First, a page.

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COVID-19 Vaccines

Frequently asked questions

When will a vaccine be available?

Vaccine trials are being conducted according to standards set by the U.S. Food and Drug Administration (FDA). If the FDA determines that a vaccine meets its safety and efficacy standards, it can make these vaccines available for use in the United States, either by approval or emergency use authorization.

The approvals and distribution of COVID-19 vaccines are underway. Pfizer and Moderna have FDA approval on their vaccines. Other vaccines in production are from AstraZeneca, Johnson & Johnson, Inovio, and Novavax.

How will vaccine distribution be handled?

State governments are directing the distribution of the vaccines, with guidance from the federal government, in a phased approach. Healthcare workers and long-term care residents are expected to be among the first to receive the vaccine. Distribution to the general public is not expected until spring 2021 and beyond. Providers may enter into a contract with the federal government to distribute the vaccine. Major pharmacy chains will also participate in distribution of the vaccines.

Will a vaccine be covered at no cost to Capital BlueCross members?

Yes. Beneficiaries with Medicare pay nothing for COVID-19 vaccines and their copayment/coinsurance and deductible are waived.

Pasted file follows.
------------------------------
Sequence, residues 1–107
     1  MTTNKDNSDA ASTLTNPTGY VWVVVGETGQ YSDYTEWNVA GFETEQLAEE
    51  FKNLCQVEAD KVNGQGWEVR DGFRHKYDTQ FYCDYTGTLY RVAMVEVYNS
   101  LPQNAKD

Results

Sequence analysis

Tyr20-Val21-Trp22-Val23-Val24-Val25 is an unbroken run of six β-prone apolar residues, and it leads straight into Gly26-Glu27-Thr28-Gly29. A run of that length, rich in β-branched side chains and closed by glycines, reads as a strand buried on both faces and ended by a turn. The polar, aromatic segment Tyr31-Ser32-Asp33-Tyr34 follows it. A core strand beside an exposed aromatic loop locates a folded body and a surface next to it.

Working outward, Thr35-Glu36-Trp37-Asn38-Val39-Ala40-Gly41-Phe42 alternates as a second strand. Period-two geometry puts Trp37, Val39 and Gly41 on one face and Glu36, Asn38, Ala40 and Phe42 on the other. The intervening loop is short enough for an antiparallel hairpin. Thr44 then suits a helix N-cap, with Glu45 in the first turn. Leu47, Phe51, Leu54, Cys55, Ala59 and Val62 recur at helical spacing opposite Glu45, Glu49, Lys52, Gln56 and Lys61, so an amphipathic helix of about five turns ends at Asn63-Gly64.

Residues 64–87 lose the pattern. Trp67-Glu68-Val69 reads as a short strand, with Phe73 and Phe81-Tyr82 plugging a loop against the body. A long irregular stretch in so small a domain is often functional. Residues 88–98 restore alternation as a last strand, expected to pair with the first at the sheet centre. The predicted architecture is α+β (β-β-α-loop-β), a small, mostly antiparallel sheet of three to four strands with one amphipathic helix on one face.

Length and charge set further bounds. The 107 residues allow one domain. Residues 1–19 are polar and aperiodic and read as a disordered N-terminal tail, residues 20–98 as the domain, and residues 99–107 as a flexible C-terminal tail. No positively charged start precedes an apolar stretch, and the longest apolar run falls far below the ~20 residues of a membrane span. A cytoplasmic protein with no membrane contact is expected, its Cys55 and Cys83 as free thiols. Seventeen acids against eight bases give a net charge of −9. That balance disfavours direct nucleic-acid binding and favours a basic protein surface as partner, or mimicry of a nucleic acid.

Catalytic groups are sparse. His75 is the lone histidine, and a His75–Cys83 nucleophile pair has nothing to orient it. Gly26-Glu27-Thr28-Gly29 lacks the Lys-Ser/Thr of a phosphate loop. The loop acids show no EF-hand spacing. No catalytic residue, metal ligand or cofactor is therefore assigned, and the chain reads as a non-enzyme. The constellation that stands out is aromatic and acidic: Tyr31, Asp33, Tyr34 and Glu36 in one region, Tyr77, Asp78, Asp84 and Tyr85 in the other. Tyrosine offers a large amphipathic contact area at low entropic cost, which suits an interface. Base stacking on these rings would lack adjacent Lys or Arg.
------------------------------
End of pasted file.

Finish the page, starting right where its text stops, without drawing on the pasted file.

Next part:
How will I know when it will be available for me?

Pennsylvania’s Department of Health will work to get the vaccine out to residents in three phases, following CDC guidelines regarding supply, demand, and risk of infection. You can learn more about the state’s rollout plan here. Capital BlueCross encourages those who reside outside of Pennsylvania to check with their home state’s website for details about vaccine availability.

Should I get a COVID-19 vaccine?

Vaccination is a personal decision that also impacts overall public health. Capital BlueCross encourages its members to talk to their doctors about the best choice for them and their unique health situation.

Getting vaccinated may help you be part of the pandemic solution. Vaccines prepare your immune system to fight the virus if you are exposed. Pfizer’s and Moderna’s vaccine candidates have been reported to be around 95% effective—meaning there was a 95% reduction in the number of cases that would have been expected if the test group had not been vaccinated.

Other steps, like mask-wearing and social distancing, help reduce your chance of being exposed to the virus or spreading it to others. Together, COVID-19 vaccination and following the U.S. Centers for Disease Control and Prevention's (CDC's) recommendations to protect yourself and others will offer the best protection from COVID-19.

Will the vaccine be mandatory?

The Pennsylvania Department of Health stated that it does not have any plans to make the vaccine mandatory.

Does getting the vaccine make you immune to COVID-19?

At least two of the vaccines have a reported efficacy rate of about 95%. This is a very high efficacy rate -- that means that there was a 95% reduction in the number of cases that would have been expected if the test group had not been vaccinated. While no vaccine is foolproof, the COVID-19 vaccine candidates have reportedly shown promising results of immunity and reduced severity of the illness if a person is not rendered fully immune.

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Updated October 1, 2020